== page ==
The first word that pops into your head when you hear Old Money/New Lows – regardless of any review’s priming – is “fat.” Closely followed by “sassy.” Barren Womb‘s fourth album possesses of swagger in immense proportion, but as one would expect from a band whose debut carried the moniker On The Origin of Faeces, it’s tempered by good humor. The Trondheim noise rock duo sure as hell know how to hold your interest, mixing irreverence with earnesty and violating Yngwie’s law with a shit-eating grin.
That simple opening to “Crook Look” kicks off one of the year’s most fun albums to date. Between the garage rock aesthetics and punk sensibility, Old Money/New Lows hits peak scuzziness immediately and rides the crest of that wave for almost its entire length. “Mystery Meat,” cruises along, alternating between upbeat riffing and outbursts of hardcore punk while belting out anti-carnivory talking points with aplomb. Yet it has more to offer than just energy; a placid post-rock bridge shows off the band’s adventurous side and completes the song. Next up, the boozy lurch of “Theory of Anything” shows off the duo’s willingness to abuse their vocal cords.
These songs rely on a bare minimum of riffage to sustain themselves, yet the duo seem endlessly creative. Gonzalez delivers riffs at extreme volume with untouchable attitude while Silvola places every beat with the emphasis of a tipsy comeback. The riffs on “Mystery Meat” and “Mad 187 Skills” are real gems, and most of the album holds your attention despite just being drums and single-tracked guitar. The two also run the gamut of vocal styles from bloody screams to rambling spoken word to rough but well-executed melodic singing. Between their shrieking and the brittle guitar tone, these two could give a lot of black metal bands a run for their money.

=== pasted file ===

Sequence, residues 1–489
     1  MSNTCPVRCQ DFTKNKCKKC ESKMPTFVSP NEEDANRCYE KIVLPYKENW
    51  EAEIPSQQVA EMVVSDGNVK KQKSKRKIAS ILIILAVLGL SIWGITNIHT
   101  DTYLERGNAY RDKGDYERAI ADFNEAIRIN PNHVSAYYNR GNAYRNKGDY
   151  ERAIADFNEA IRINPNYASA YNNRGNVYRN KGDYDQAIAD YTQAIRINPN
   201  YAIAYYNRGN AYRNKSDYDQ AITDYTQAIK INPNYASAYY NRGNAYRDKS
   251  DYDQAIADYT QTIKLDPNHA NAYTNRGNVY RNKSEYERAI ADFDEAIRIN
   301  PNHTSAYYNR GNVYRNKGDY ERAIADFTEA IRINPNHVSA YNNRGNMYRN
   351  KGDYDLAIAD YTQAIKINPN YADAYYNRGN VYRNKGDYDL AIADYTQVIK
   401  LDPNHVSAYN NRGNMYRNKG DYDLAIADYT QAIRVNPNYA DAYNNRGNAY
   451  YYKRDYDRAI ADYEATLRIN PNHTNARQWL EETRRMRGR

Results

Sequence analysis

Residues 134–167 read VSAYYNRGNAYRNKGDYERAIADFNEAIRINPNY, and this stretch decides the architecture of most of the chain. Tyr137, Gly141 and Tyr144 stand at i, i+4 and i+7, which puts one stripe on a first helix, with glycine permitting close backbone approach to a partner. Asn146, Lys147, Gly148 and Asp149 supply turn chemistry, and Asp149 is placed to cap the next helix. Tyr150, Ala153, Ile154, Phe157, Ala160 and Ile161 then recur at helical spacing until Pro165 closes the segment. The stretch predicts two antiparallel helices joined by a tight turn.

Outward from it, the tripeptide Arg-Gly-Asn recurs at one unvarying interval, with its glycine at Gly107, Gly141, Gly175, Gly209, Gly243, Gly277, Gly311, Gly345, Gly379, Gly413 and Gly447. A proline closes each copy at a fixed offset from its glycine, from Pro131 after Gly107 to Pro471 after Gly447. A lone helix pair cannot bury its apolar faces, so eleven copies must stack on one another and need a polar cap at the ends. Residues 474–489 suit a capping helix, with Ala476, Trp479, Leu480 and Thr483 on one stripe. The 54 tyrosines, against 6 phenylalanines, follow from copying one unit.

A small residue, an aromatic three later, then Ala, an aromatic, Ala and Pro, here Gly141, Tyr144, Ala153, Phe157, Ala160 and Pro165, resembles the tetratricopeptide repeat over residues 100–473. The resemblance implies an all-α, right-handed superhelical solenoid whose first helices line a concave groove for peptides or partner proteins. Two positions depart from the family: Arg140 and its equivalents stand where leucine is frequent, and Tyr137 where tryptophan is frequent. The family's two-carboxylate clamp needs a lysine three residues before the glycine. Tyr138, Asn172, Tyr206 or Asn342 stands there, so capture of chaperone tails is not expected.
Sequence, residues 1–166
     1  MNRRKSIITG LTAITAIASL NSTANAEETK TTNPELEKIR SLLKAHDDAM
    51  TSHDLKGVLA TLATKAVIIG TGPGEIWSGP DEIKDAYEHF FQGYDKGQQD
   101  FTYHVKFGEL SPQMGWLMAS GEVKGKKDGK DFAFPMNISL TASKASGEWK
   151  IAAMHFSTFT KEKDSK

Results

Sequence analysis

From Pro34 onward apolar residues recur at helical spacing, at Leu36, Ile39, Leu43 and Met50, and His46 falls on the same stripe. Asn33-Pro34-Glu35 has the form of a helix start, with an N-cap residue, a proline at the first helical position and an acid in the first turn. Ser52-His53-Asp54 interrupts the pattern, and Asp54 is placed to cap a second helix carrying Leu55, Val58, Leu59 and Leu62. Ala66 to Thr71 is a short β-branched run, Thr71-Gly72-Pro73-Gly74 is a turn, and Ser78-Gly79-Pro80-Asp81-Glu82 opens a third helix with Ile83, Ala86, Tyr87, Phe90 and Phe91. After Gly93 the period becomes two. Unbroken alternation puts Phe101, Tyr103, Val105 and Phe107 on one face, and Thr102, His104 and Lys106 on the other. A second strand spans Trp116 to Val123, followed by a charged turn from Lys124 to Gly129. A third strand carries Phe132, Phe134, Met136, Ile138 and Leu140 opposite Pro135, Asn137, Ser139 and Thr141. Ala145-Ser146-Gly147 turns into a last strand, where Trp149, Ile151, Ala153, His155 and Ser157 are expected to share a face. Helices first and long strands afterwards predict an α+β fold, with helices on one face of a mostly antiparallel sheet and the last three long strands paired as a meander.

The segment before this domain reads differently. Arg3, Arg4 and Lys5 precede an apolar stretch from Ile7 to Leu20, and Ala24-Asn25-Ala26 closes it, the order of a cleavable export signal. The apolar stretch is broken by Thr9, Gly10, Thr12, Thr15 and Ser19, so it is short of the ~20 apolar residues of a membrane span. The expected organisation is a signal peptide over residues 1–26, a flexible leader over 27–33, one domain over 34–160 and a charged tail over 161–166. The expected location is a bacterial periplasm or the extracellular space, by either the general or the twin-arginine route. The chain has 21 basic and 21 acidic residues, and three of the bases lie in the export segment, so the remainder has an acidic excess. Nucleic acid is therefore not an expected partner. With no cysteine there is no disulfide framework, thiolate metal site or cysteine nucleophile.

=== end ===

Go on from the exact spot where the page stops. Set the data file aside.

Barren Womb keep things moving at a respectable clip until the very last track, resulting in a B-side that falls just short of completing the promise of the first four tracks. “Cave Dweller” and “Drive Through Liquor Store” are somewhat predictable nose rock numbers but don’t overstay their welcome. Besides, they only serve as a ramp-up to the energy of “Mad 187 Skills,” a brilliantly successful mix between a garage rock ballad and a hardcore protest song1. The hard-hitting shout-along verses provide the perfect foil to the melodic verses, and the ferocious ending wouldn’t be out of place on a well-appointed blackgaze album. Sadly, the final song, “Russian Handkerchief” leans far too heavily on Black Sabbath worship, and at almost seven minutes long without the genre-bending of the album’s better songs, it ends the album on a disappointingly weak note.
Yet for the majority of Old Money/New Lows, I can offer little critique. It’s an accessible but still respectably obtuse rock record that doesn’t pull any punches, musically or lyrically. At the end of the day, that’s what a rock record like this should be – a collection of cracking songs that make a strong statement and keep your foot tapping. It’s road trip music, bar fight music, dingy basement mosh music in a perfect package. Barren Womb are at their finest when refusing to play it safe and stick to just one influence, and the skill with which they hybridize in Old Money/New Lows truly impresses.